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NSA Snooping

Thursday, 20 June, 2013 - 8:00 am

Edward Snowden became a household name as he joined the ranks of world-famous whistle blowers. With high-level security clearance Edward had access to some of the most important—and most secret—programs at the NSA, including the monitoring of U.S. citizens’ phone calls and emails which he went public with after fleeing to Hong Kong.

Without getting into the argument of whether the government should invade our privacy to protect us from terrorism, one thing is clear: Complete privacy does not exist. The government can access all our emails, phone calls, text messages and Google searches. Everything we do on our computers and beyond can be saved, studied and passed around—all without our consent.

But finding out the details of our lives is not only the domain of government. And much of this virtual voyeurism is done with our implicit – albeit unknowing - consent.

Nowadays it’s quite possible to meet someone for the first time and hear all about your own life.  She might divulge your birthday, your childhood friends and schools, your favorite foods and colors and perhaps some relationships or activities you wish never existed.

Welcome to the Facebook/Google/Twitter/SMS/Tumblr/Pinterest/etc generation.  All types of information is shared and passed around.

Without delving into the debate about illegal snooping, we have a lot of legal snooping going on right under our noses. Is this good or bad?

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Strong arguments can be made about the benefits of Facebook and their ilk in reuniting long-lost siblings and preventing crime.  But what should my attitude be toward my and someone else’s information?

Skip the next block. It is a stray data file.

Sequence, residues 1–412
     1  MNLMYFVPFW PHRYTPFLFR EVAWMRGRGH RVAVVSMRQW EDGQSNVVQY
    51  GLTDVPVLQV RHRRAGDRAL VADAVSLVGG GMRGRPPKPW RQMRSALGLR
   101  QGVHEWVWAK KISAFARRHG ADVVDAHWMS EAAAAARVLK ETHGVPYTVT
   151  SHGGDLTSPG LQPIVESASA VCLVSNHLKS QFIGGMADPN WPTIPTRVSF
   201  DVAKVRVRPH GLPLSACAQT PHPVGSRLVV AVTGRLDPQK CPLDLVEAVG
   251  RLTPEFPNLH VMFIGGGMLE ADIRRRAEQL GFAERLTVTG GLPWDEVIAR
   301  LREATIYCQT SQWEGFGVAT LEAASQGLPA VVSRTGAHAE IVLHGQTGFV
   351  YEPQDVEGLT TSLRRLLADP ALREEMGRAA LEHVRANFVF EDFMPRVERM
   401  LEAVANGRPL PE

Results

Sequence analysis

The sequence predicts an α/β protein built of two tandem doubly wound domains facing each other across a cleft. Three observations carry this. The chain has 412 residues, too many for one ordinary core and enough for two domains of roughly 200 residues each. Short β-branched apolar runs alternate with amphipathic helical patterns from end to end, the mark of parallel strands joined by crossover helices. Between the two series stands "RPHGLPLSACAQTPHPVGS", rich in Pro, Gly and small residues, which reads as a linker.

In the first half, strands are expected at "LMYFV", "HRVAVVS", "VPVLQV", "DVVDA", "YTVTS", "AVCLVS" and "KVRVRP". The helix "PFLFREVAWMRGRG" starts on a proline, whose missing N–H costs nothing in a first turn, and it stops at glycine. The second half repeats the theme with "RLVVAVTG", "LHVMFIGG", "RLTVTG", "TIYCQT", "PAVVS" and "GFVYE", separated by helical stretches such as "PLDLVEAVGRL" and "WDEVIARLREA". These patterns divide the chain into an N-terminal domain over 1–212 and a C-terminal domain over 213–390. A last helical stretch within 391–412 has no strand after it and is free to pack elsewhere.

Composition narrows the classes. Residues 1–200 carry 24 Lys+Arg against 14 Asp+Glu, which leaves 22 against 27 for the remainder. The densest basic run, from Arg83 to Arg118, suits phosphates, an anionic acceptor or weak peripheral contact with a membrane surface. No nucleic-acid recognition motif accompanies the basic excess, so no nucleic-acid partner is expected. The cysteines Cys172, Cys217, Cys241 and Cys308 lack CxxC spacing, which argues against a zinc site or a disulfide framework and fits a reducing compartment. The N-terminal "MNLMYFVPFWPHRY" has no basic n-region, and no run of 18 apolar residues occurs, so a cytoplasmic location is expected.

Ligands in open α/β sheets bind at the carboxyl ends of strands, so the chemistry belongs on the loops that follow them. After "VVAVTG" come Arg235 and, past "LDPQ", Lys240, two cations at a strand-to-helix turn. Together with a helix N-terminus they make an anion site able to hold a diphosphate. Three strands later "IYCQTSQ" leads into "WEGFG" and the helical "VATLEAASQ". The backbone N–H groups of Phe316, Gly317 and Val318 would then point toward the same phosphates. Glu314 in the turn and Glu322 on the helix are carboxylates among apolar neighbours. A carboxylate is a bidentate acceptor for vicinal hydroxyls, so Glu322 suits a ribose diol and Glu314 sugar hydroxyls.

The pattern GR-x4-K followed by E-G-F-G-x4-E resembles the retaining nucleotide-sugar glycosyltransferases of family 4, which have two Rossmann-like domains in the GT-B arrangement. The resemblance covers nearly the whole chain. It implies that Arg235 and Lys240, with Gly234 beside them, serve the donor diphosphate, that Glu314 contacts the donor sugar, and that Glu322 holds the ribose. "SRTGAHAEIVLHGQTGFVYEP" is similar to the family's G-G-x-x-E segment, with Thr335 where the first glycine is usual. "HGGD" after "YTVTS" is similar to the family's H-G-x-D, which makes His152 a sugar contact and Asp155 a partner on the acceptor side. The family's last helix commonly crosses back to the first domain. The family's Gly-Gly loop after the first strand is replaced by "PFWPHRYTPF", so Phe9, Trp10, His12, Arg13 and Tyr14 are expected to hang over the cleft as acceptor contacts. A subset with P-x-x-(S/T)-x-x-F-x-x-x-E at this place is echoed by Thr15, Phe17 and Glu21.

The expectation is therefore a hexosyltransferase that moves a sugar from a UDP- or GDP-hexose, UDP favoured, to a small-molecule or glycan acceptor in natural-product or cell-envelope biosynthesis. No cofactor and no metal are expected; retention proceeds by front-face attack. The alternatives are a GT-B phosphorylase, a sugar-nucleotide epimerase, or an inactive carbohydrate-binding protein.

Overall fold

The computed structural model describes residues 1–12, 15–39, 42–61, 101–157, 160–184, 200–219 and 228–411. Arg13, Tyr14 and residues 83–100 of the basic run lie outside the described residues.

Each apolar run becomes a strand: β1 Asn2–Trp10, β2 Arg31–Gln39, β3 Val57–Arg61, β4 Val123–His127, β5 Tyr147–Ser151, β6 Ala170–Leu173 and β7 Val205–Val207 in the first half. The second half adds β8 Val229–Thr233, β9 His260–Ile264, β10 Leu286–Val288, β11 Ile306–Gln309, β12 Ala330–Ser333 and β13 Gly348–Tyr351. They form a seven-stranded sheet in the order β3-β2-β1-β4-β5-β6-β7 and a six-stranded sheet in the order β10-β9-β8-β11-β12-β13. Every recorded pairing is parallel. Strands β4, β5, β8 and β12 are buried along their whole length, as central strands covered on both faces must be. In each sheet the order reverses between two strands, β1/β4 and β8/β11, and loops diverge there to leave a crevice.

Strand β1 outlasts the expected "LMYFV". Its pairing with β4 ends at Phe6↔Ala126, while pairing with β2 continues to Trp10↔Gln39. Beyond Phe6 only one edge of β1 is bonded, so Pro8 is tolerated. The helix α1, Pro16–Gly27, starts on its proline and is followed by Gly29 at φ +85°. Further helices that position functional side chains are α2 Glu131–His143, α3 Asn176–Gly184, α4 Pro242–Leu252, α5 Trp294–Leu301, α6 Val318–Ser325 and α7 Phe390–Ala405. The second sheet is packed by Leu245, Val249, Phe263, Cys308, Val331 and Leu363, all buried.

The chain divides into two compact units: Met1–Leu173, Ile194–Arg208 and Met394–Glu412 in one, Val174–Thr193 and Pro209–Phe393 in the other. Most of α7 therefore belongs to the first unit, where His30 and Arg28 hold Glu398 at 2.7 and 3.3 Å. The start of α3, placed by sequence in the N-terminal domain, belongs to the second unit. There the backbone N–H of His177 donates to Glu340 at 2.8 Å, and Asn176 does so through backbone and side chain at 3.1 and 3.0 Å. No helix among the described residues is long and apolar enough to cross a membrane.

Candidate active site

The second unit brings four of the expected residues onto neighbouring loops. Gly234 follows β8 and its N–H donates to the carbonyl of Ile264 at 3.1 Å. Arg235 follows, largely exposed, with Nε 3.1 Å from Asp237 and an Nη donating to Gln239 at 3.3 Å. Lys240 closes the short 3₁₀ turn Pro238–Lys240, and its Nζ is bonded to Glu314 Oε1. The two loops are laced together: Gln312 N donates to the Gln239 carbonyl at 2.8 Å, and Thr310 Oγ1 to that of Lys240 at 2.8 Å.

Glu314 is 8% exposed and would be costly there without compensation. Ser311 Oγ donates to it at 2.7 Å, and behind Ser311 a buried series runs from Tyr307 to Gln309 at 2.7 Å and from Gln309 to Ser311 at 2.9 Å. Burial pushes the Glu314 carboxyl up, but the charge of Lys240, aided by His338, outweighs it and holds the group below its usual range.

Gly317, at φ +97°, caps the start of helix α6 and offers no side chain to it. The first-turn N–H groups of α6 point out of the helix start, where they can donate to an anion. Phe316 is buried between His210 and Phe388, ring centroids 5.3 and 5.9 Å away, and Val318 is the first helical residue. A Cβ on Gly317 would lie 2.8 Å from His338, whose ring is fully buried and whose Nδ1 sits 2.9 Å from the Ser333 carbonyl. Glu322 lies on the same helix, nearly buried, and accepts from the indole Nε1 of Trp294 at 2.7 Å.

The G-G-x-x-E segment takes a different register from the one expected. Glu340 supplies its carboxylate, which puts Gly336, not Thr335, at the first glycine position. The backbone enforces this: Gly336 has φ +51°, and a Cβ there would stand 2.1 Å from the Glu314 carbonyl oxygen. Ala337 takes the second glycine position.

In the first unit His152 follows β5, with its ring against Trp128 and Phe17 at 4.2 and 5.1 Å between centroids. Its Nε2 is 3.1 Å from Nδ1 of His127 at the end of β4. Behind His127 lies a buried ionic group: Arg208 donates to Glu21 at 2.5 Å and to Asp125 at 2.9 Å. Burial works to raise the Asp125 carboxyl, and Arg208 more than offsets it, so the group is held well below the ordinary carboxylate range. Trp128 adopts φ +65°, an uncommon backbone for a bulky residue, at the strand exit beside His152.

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Bilaam, the non-Jewish prophet who attempted to curse the Jews but ended up blessing the nation, declared, “How good are your tents Jacob, your dwellings Israel.” 

The Talmud suggests that what impressed Bilaam was, “that the doors of the Jewish people’s tents were not aligned opposite each other, where-upon he exclaimed, ‘They are worthy of hosting the divine presence!’”

In other words, privacy was an important characteristic of the Jewish people, which G-d cherishes dearly.  In fact, based upon this virtue, the Talmud rules that doors and windows of homes should not be constructed opposite each other.  Privacy is such a vital value in Judaism that it even affects zoning laws!

Judaism does not maintain that privacy is simply a right. It is actually a societal obligation, which is why – in certain situations – it may not be waived.

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Although Facebook and Google may share other people’s information with me, it does not mean I need to look. And although the vehicle of social media gives me ample opportunity to broadcast my private life, not every opportunity need be seized upon.

The next time I am tempted to share something private perhaps I should ask myself, ‘Would I be comfortable posting this on my living room wall, highly visible to all visitors to my home? Does it merit that level of dignity?’ And when others’ information is available, I might consider whether I am inviting G-d into my life by partaking of theirs.

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